April 19, 2024

Functional and beautiful mobility products for aging in place

Vancouver-based Capella Design creates stylish mobility products for at home

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Turning reflections into actions

In March 2022, amid the global slowdown, Kaly Ryan launched Vancouver-based Capella Design. Ryan is an industrial designer and previously co-founded design company, Willow & Stump.

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Capella is the result of Ryan taking the time to reflect on what she really wanted to do with her design and fabrication talents, and her thoughts travelled back to the effort her parents went to — in the 80s and 90s — to modify her grandfather’s house so he could stay there as long as possible. He stayed in his own home until he was 95 years old.

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It was difficult then, and it’s difficult now to find functional products that assist people with mobility needs at home that also look good, modern and aesthetically pleasing.

A lot of mobility products, though functional, are downright depressing to look at, and people don’t really want them in their homes, says Ryan.

Founder of Capella Design Kaly Ryan.
Founder of Capella Design Kaly Ryan. Photo by Capella Design

Ryan also thought about her mother, who is now in her 70s and wants to stay in her own home as long as possible.

Ryan’s mum is part of a small group of people (around 10 per cent, if you go by a recent Forbes article — referencing the United States population) preparing to age in their homes. What’s interesting, says Ryan, is a recent survey by the Canadian Medical Association and National Institute on Ageing found that “96 per cent of Canadians want to age at home and live independently for as long as possible.”

“So there’s this huge gap between people who want it and are ready,” she says.

Before launching Capella Design, Ryan had some experience designing a health-related product. At Willow & Stump, she helped design its Perk Lamp, which was created to help people with seasonal affective disorder.

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Shower seat, not bench

It took Ryan two years to create Capella’s Lotic Shower Seat. She researched shower chairs and shower benches and was driven by a desire to redesign this often unattractive product.

“Realistically, you and I might need a shower stool tomorrow if we tripped and hurt ourselves. It doesn’t hurt to have these kinds of mobility products at home, but people don’t want to put them in their homes because they’re really ugly. They don’t always make you feel good about yourself,” she says.

Capella’s shower seat is made from a “solid surface” called Himacs, a stone-like material that looks and feels like stone but is non-porous.

Lotic shower seat by Capella Design can be used in and out of the shower.
Lotic shower seat by Capella Design can be used in and out of the shower. Photo by Capella Design

The stool’s slats are made from a composite decking material that is made from recycled plastic, produced by a “great Canadian company called NewTechWood,” says Ryan. “Essentially, you’re sitting on pop bottles that look and feel like wood.”

With mobility design, there is a big difference between following code and considering how a person is actually going to use a space — like a washroom, Ryan explains. Some hotel rooms have showers with bench seats that meet code, but you can’t actually reach the shower controls while sitting on the bench.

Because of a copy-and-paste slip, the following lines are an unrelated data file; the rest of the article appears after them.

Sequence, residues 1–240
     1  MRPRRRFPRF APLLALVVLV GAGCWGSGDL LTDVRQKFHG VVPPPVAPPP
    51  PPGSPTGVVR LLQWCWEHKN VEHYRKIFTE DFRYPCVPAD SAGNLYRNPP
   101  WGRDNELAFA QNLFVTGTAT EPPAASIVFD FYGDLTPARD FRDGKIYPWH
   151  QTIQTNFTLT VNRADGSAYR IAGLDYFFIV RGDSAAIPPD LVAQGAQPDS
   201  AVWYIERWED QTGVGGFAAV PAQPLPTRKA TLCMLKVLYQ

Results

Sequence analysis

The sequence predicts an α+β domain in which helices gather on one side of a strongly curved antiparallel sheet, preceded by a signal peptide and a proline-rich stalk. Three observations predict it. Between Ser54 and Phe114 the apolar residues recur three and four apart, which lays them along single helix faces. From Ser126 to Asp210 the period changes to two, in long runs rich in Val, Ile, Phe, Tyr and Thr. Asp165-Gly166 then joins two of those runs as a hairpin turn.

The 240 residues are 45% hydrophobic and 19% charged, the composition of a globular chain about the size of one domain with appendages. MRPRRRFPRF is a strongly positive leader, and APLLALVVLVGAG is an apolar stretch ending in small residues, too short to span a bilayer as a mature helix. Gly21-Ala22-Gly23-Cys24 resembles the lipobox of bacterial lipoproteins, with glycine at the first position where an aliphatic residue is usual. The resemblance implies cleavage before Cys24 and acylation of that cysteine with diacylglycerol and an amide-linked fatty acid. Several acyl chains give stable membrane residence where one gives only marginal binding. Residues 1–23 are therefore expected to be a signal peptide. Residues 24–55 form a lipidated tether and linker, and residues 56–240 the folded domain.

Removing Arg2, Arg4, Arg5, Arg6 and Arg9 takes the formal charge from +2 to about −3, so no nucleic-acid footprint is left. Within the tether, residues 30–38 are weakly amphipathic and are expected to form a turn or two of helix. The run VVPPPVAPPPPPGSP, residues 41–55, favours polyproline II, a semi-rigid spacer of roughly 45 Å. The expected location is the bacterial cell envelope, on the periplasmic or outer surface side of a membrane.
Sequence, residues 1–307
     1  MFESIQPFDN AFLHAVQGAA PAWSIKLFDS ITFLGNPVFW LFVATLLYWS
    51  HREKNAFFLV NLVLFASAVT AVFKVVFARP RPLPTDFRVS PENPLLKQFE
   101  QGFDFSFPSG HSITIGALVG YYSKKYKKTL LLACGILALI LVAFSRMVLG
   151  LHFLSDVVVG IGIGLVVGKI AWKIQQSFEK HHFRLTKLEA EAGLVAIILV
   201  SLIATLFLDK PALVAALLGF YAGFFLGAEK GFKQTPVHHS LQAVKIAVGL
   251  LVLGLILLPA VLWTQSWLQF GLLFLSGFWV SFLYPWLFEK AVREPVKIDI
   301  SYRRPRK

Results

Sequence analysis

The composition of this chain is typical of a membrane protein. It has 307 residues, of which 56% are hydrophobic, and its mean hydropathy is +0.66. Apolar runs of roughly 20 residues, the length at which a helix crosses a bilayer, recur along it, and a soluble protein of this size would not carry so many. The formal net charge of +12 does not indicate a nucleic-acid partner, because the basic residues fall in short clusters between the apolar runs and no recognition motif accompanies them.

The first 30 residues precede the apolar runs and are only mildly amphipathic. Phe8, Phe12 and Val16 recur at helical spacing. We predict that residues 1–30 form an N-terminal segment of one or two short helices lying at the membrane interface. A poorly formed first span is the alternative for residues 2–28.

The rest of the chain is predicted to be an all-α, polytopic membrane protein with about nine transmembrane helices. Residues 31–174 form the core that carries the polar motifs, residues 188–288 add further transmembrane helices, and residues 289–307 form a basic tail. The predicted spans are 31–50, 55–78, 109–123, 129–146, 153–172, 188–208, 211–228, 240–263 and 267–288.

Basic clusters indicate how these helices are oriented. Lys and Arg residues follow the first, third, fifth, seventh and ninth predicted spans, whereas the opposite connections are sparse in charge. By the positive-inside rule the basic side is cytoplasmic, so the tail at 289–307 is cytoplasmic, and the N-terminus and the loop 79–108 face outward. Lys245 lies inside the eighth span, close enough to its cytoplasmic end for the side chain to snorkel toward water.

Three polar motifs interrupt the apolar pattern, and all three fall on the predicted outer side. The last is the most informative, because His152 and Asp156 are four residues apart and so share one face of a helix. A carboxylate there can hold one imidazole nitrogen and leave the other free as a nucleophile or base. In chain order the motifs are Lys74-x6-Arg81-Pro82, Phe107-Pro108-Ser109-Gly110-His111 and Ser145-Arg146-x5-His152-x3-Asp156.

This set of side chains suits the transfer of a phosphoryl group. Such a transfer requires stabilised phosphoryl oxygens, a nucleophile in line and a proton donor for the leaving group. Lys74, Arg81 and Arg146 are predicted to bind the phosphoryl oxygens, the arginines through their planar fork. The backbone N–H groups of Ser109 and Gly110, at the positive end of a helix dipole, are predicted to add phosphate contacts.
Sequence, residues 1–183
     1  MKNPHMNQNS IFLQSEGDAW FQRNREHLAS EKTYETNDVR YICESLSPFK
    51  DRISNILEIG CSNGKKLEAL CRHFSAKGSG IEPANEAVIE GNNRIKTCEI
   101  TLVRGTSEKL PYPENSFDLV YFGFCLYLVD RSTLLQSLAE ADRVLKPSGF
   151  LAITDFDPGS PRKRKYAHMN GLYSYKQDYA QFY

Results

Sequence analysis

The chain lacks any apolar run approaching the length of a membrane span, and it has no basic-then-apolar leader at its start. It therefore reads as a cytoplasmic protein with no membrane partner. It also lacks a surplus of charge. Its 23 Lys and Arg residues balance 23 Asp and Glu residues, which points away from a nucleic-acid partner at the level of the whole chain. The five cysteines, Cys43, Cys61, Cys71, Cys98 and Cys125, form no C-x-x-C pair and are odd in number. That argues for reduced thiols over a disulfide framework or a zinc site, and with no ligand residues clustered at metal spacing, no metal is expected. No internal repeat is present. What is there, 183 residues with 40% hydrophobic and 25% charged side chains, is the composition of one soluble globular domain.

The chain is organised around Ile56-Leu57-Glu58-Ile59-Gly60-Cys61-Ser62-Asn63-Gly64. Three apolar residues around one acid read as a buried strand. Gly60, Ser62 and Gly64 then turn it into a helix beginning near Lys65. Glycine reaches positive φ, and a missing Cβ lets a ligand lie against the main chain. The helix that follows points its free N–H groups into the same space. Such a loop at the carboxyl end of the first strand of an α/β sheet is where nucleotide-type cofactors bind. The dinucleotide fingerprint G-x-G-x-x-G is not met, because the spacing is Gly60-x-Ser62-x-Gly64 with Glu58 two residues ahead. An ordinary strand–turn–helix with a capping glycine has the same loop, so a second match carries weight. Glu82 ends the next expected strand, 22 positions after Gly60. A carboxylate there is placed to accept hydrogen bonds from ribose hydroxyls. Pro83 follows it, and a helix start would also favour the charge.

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“This is one of the reasons we created a stool instead of a bench.”

Lotic shower seat by Capella Design.
Lotic shower seat by Capella Design. Photo by Capella Design

Design is moving in a mobility-friendly direction

Walk-in showers, with no lip, are Ryan’s favourite trend because they’re easier for people to access, she says.

Contrasting colours is something people don’t often consider, but if you have an entirely white or grey bathroom, it can be challenging for people with vision issues to differentiate the floor from the wall.

“Even for me, if I take off my glasses, I can’t see anything in the shower.”

Capella has prototyped a good-looking side table with an adjustable tray, called Corbel. This design has been selected as a WL (Western Living) Design 25 finalist.

“It’s an adjustable side table that sits beside your bed or couch and adjusts up and down and swings in — like a TV tray but modernized,” says Ryan. You can use it to rest your plate, a cup of coffee, or an iPad if you’re FaceTiming someone or your book. “Winning a design-related award for accessible furniture is significant because it solidifies that these products can be seen as beautiful, functional furniture instead of things that are stuck in the mobility store that no one wants to visit.”

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Capella is also prototyping a grab-bar picture frame and a more “stable mug option” for people with hand mobility issues.

This mug has a larger handle, more stable base and is made from a light material, so it’s easy to hold,” says Ryan. For a mug, the design is quite elevated, she adds. Which, in design speak, means it looks good. She had ceramicist Grace Lee of Eikcam Ceramics prototype it for her.

“I’m really excited to get it into the hands of people who would use it to get it tested,” says Ryan.

Nothing about us without us

Nailing good design for people with mobility restrictions requires you to put the people you’re designing these products for at the centre of what you’re doing, says Ryan.

She says she isn’t an expert in mobility design; she’s an expert in listening to people and being able to respond.

“It’s all about making sure people who experience disability are central in creating solutions.”

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